Paradise: Love


Movie review by Greg Carlson

In the opening scene of Ulrich Seidl’s “Paradise: Love,” the Austrian filmmaker presents a series of vehicle-mounted shots focused on the faces of people with developmental disabilities as they careen around in bumper cars. Smashing into one another, their expressions run the gamut of highly intensified human emotion as Seidl makes note of the fine line between pleasure and pain. The sequence suggests an entire universe or the makings of another movie, but it ends quickly and without additional comment. Among the group is teacher Teresa (Margarethe Tiesel), who subsequently packs for a Kenyan vacation that will serve as the movie’s central concern.

The topic of international sex tourism, especially from the vantage point of the middle class female consumer, is rare in mainstream narrative cinema, and the curiosity factor accompanying Teresa’s quest to locate a partner will invite contemplation from many viewers. Seidl sets the stage with economy, revealing that certain European women spend their holiday as “sugar mamas” who pursue young “beach boys” willing to provide companionship in exchange for varying degrees of compensation. Some of the transactional mechanics are filled in by the racially insensitive Inge (Inge Maux), but more memorable is the long take of sunbathing vacationers lounging on the beach while local candidates stand patient and silent behind a rope, waiting to be chosen.

The closest Seidl comes to constructing any degree of viewer sympathy for Teresa occurs when her initial partner Gabriel (Gabriel Nguma Mwarua) moves too quickly, resulting in Teresa’s sobs over the lack of emotional connection. We all know that money can’t buy love, and Seidl drives home the point as Teresa settles on Munga (Peter Kuzungu), a seemingly more sensitive lover who nonetheless expects that Teresa will open her wallet to all kinds of pressing financial matters, from medical bills to school supplies. “Paradise: Love” is at its best during these scenes, principally due to Seidl’s fogging of user and used.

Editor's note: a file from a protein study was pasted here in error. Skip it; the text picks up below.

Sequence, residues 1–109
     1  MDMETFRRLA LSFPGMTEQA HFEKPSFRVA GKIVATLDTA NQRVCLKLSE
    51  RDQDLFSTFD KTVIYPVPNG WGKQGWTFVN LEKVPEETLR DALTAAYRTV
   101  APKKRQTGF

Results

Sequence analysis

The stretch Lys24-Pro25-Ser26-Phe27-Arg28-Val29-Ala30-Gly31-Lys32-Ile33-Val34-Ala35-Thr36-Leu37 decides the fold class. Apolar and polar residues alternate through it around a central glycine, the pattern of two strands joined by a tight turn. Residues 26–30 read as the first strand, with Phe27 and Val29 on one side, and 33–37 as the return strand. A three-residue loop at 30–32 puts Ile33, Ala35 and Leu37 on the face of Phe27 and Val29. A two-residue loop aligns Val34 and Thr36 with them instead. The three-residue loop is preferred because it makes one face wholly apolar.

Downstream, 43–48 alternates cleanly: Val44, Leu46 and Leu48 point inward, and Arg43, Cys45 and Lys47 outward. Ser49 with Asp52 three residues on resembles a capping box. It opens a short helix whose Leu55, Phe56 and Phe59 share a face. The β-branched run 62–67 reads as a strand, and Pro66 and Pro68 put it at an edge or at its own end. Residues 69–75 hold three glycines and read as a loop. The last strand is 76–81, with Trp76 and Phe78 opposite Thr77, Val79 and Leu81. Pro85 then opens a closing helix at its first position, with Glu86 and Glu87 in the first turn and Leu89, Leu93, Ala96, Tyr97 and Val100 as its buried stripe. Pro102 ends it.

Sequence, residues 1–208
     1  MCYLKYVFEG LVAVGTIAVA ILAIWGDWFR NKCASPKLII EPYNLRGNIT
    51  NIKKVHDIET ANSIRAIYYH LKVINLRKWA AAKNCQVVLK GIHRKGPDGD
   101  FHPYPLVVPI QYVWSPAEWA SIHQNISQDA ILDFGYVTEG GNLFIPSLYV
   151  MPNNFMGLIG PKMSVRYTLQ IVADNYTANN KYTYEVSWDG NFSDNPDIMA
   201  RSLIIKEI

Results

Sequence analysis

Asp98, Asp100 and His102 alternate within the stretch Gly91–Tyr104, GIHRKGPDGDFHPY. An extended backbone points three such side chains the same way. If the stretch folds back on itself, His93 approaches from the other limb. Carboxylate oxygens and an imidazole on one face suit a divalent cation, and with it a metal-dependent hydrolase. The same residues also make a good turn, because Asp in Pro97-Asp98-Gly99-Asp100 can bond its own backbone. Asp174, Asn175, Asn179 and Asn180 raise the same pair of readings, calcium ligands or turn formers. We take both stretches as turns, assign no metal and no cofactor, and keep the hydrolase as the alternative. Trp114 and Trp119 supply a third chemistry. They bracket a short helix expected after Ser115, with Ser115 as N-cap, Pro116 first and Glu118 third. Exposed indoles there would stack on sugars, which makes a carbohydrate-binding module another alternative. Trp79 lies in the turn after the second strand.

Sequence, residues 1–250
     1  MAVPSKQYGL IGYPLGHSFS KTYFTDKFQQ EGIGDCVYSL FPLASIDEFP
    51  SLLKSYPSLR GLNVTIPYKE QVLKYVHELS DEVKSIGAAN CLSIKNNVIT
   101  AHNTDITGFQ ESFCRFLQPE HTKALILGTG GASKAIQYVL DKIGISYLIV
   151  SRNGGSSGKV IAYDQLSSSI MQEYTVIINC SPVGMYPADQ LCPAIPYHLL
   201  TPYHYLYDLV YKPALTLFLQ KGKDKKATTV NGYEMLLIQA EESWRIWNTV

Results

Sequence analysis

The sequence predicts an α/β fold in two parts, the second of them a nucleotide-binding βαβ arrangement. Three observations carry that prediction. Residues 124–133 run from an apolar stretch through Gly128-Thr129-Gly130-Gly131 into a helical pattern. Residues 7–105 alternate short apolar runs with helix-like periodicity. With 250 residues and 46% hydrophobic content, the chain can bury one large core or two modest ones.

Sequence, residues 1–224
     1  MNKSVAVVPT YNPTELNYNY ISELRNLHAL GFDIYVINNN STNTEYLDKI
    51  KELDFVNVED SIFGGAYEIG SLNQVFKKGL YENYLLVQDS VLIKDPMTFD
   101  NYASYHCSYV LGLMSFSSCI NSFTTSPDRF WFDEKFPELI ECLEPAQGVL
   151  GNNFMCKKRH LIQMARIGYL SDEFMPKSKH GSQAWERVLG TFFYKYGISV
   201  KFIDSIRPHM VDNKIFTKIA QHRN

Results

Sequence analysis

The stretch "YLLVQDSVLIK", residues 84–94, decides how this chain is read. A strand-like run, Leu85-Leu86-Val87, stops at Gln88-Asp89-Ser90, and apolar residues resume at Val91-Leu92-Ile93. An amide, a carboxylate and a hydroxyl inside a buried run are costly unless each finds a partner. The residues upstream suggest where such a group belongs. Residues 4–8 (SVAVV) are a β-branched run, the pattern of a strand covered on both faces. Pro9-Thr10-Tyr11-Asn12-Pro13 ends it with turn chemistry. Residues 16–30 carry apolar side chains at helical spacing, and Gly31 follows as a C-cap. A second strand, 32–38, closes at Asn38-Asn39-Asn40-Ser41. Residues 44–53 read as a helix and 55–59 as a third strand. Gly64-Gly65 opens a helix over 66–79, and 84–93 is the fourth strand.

One of the movie’s most provocative and dispiriting exchanges involves an aborted bacchanal in Teresa’s hotel room with a trio of friends and a hired “stripper.” Seidl escalates the humiliation, as the hapless prey is presented to Teresa as a birthday gift. What follows is a nightmarish display of soulless exploitation, as the women initiate a contest to see who can coax an erection from the young man. By this point, Seidl has made clear the irony of both words in the film’s title, reiterating that the gloomy realities of prostitution reside far from the sun-drenched and farfetched fantasies of happiness and fulfillment.

A number of critics have taken Seidl to task for withholding any degree of commiseration or understanding that might come with an exploration of the inner lives of either Teresa or the men with whom she interacts. The filmmaker deliberately distances himself and the viewer, drawing on his work as a documentarian to indicate the ways in which the exchange of money for sexual gratification parallels the socioeconomics of the global travel industry. While many would quickly describe the system in which Teresa and Munga operate as miserable, deplorable, or even morally repugnant, Seidl details the minutiae of their polluted dance. Hakuna matata.

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